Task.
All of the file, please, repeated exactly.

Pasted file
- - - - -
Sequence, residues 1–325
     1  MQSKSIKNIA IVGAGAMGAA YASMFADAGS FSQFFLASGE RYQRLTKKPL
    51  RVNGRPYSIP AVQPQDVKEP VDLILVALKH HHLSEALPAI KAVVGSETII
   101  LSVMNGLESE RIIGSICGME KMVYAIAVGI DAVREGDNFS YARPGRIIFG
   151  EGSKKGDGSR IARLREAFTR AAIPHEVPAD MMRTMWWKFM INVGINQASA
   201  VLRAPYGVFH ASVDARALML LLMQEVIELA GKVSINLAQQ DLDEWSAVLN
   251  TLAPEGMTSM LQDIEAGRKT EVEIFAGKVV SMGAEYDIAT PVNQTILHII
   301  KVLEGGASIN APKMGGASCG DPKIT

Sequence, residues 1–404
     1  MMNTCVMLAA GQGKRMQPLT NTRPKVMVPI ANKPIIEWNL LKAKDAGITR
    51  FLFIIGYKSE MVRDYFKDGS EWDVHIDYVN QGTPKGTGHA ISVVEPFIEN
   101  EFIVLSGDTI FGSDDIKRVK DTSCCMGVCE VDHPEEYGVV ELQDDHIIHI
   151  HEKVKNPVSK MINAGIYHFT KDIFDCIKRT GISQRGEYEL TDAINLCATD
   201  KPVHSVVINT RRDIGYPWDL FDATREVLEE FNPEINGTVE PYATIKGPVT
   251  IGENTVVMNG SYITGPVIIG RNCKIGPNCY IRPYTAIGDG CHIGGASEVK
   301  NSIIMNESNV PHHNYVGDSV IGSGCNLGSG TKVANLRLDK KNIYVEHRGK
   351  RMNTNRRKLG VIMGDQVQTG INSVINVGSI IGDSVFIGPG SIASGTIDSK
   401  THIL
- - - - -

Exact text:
Sequence, residues 1–325
     1  MQSKSIKNIA IVGAGAMGAA YASMFADAGS FSQFFLASGE RYQRLTKKPL
    51  RVNGRPYSIP AVQPQDVKEP VDLILVALKH HHLSEALPAI KAVVGSETII
   101  LSVMNGLESE RIIGSICGME KMVYAIAVGI DAVREGDNFS YARPGRIIFG
   151  EGSKKGDGSR IARLREAFTR AAIPHEVPAD MMRTMWWKFM INVGINQASA
   201  VLRAPYGVFH ASVDARALML LLMQEVIELA GKVSINLAQQ DLDEWSAVLN
   251  TLAPEGMTSM LQDIEAGRKT EVEIFAGKVV SMGAEYDIAT PVNQTILHII
   301  KVLEGGASIN APKMGGASCG DPKIT

Sequence, residues 1–404
     1  MMNTCVMLAA GQGKRMQPLT NTRPKVMVPI ANKPIIEWNL LKAKDAGITR
    51  FLFIIGYKSE MVRDYFKDGS EWDVHIDYVN QGTPKGTGHA ISVVEPFIEN
   101  EFIVLSGDTI FGSDDIKRVK DTSCCMGVCE VDHPEEYGVV ELQDDHIIHI
   151  HEKVKNPVSK MINAGIYHFT KDIFDCIKRT GISQRGEYEL TDAINLCATD
   201  KPVHSVVINT RRDIGYPWDL FDATREVLEE FNPEINGTVE PYATIKGPVT
   251  IGENTVVMNG SYITGPVIIG RNCKIGPNCY IRPYTAIGDG CHIGGASEVK
   301  NSIIMNESNV PHHNYVGDSV IGSGCNLGSG TKVANLRLDK KNIYVEHRGK
   351  RMNTNRRKLG VIMGDQVQTG INSVINVGSI IGDSVFIGPG SIASGTIDSK
   401  THIL